The Alumni Association honored the eight 2014 Fellows during a Nov. 14 luncheon.Read the story
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The Alumni Association has honored dozens of alumni in the Fellows program through the years.View the list
The Alumni Association has honored eight Fellows in 2014. Read about each in the luncheon program.Read the program
The 2013 Alumni Fellows included Sue Parks from the School of Applied Studies. Parks received her degree through Washburn's distance learning program in the early 1990s and was making her first trip to Washburn. Read more about Parks and the other Alumni Fellows from 2013.About the 2013 Fellows
Check out our Facebook page for photos from the 2013 Alumni Fellows luncheon.View the photos
If you missed the luncheon, you can watch much of the event on our YouTube page.View the videos
The Alumni Association honored seven individuals at the 2012 Fellows luncheon.Read about the event
The Alumni Fellows program recognizes alumni who have distinguished themselves in their careers. Fellows are invited to campus to interact with students and faculty in the classroom and other academic settings.
Each spring, faculty and staff submit nominations for fellows to their respective dean, who selects one for the college or school. A fellow is selected from the School of Applied Studies, School of Business, School of Law, School of Nursing and Washburn Institute of Technology. Because of its size, the College of Arts and Sciences selects up to three fellow.
View a playlist of speeches from our Alumni Fellows and director Susie Hoffmann on YouTube.
John S. Augusto, ba ’91, assistant vice provost for experiential learning, University of Kansas
John Augusto was born in Hutchinson and now resides in Lawrence where he works as assistant vice provost for experiential learning at the University of Kansas (KU). He founded and directs the Center for Undergraduate Research and directs the Center for Civic and Social Responsibility.
He started at KU in 1993 as an academic program coordinator and then worked for two years as director of multicultural affairs at Rockhurst University in Kansas City, Missouri. He began his professional career at Washburn as an admission counselor in 1991.
Augusto is a lifetime member of the Society for the Advancement of Chicanos and Native Americans in Science. He presents every year at the Annual Biomedical Conference for Minority Students and is an elected member of the Council on Undergraduate Research.
About Washburn: My best memory is talking to Professor Tom Averill. He gave me so much confidence and showed me how hard work can lead to success. Washburn gave me academic courage and confidence. It gave me a place to start writing my life’s story.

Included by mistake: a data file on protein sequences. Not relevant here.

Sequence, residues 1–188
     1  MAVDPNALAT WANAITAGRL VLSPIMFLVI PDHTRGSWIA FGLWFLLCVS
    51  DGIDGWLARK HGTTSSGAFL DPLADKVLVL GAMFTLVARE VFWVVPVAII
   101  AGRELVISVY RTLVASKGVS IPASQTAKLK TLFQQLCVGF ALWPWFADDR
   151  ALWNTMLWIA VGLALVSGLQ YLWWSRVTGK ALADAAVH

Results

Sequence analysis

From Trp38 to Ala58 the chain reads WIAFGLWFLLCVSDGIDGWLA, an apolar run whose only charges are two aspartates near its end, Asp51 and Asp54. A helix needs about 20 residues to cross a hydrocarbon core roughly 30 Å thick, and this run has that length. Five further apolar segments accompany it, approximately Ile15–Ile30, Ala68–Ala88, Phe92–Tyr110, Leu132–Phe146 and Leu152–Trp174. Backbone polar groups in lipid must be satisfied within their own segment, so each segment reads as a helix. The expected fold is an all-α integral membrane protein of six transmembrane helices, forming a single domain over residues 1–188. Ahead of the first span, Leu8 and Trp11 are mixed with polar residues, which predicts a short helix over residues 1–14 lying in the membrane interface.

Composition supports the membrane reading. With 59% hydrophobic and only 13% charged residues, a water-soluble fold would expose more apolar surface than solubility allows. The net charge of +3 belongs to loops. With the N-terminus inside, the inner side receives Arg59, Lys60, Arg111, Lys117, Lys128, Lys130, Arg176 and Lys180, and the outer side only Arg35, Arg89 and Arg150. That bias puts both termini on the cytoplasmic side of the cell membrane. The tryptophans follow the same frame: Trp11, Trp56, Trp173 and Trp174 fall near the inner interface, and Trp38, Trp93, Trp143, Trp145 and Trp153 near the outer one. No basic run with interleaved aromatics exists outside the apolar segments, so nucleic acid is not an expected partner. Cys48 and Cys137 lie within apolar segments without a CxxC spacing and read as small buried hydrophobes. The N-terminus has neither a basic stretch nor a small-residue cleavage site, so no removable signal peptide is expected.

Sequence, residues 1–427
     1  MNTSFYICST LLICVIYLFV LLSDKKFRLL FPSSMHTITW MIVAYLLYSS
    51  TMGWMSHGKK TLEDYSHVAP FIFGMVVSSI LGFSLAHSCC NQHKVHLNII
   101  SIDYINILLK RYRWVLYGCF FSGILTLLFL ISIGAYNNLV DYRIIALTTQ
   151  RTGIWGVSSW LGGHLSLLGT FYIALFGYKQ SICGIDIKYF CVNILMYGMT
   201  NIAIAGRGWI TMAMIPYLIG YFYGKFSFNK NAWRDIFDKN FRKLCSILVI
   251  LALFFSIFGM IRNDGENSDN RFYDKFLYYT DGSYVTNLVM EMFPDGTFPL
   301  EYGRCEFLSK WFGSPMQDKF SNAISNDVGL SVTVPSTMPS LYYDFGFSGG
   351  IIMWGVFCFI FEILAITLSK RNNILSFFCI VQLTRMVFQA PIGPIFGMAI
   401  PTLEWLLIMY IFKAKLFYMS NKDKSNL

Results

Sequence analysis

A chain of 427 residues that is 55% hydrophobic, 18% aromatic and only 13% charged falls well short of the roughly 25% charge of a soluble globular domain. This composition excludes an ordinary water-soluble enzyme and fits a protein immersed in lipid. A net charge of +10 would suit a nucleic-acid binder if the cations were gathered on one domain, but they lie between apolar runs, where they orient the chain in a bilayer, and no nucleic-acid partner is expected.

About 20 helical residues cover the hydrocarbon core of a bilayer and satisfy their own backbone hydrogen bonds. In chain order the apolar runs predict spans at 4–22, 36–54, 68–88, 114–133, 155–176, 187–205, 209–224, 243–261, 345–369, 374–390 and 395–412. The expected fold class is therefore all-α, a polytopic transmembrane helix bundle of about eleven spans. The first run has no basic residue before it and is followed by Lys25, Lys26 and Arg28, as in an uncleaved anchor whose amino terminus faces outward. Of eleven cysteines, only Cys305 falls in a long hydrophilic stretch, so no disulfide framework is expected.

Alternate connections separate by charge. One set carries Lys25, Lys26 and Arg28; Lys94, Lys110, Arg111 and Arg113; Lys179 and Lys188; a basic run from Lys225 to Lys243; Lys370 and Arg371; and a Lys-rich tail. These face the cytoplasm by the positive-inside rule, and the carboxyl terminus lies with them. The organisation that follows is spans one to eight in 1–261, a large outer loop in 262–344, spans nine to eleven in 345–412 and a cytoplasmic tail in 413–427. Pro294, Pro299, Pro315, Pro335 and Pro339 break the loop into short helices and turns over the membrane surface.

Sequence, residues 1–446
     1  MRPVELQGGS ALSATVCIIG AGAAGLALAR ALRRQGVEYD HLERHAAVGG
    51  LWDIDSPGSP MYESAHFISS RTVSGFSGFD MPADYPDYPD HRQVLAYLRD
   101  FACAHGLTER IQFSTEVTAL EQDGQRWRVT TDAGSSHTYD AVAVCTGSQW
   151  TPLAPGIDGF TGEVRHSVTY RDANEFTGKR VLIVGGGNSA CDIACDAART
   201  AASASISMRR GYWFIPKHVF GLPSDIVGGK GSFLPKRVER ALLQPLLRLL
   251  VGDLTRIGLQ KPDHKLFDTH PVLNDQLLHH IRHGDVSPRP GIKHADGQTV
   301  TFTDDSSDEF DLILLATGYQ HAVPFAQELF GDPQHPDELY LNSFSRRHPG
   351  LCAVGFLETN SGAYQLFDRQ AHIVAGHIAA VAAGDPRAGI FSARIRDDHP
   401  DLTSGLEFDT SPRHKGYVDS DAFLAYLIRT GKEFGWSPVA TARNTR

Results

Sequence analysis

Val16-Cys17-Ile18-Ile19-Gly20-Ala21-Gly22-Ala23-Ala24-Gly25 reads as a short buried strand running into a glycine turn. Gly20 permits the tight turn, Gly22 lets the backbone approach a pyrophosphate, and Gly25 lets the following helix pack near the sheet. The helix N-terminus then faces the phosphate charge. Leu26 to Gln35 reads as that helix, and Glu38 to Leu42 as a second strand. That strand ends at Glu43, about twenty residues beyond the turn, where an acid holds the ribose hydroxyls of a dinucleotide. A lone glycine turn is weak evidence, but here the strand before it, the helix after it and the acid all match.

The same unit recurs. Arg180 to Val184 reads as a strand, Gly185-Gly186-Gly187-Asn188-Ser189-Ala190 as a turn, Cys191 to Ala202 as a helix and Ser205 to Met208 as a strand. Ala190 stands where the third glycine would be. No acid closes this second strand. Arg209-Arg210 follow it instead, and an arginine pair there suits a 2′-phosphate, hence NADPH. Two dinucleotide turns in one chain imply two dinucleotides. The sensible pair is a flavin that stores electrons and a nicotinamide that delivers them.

Dan Francis, bsw ’04, msw ’05, retired staff clinician and crisis clinician, Family Service and Guidance Center
Dan Francis grew up in Ellwood City, Pennsylvania, and moved to Topeka after a 20-year career in the military. He retired in 2011 as a staff clinician and crisis clinician in outpatient psychotherapy at Family Service and Guidance Center in Topeka.
Francis started at Family Service and Guidance Center in 2005 as a post-graduate fellow and subsequently specialized in work with children aged birth to six years. He worked for two years before that in social work generalist and clinical internships at Colmery O’Neil VA Medical Center.
He was in the military intelligence service in the United States Army from 1977-97. Among his honors were three Meritorious Service Medals, three Army Commendation Medals, two Army Achievement Medals and the Master Instructor qualification. During his service, he was a senior and chief instructor at the Military Intelligence Corps NCO Academy from 1990-93 where he trained junior and senior NCOs in leadership and advanced technical subjects in eight military intelligence disciplines.
About Washburn: Every class I took at Washburn contributed to the person I am today. I learned things in both general education and my specialty areas that I later used in my professional practice. While I attended and taught many undergraduate and graduate courses in military schools, I will always consider Washburn to be my alma mater.
Jeffrey R. Hewett, jd ’95, CEO, Granite Legal Systems, Inc.
Jeffrey Hewett grew up in Topeka and resides in Houston where he founded Granite Legal Systems, Inc., in 2004 and serves as chief executive officer.
Granite is a legal software and discovery services company that provides project and technical consulting for large-scale litigation in the pharmaceutical, medical device and energy industries.
Previously, Hewett worked as a practice group leader for Baker Robbins & Company. He managed litigation, records management and case management groups providing services to corporations and law firms.
About Washburn: While in law school, I appreciated the personal nature of the Washburn learning experience. Professor Ronald Griffin took the time to discuss business concepts and make recommendations for good, practical business practices. The information continues to provide guidance and insight today.
James L.P. Hurd, b music ’67, professor of music, El Camino College
James Hurd grew up in Topeka and currently lives in Los Angeles where he is a professor of music at El Camino College. He teaches organ, piano and music appreciation.
Hurd has served as organist and director of music for numerous churches and organizations in Topeka, Chicago and Los Angeles. He is currently the organist and music director at St. Andrew’s Presbyterian Church in Redondo Beach, California.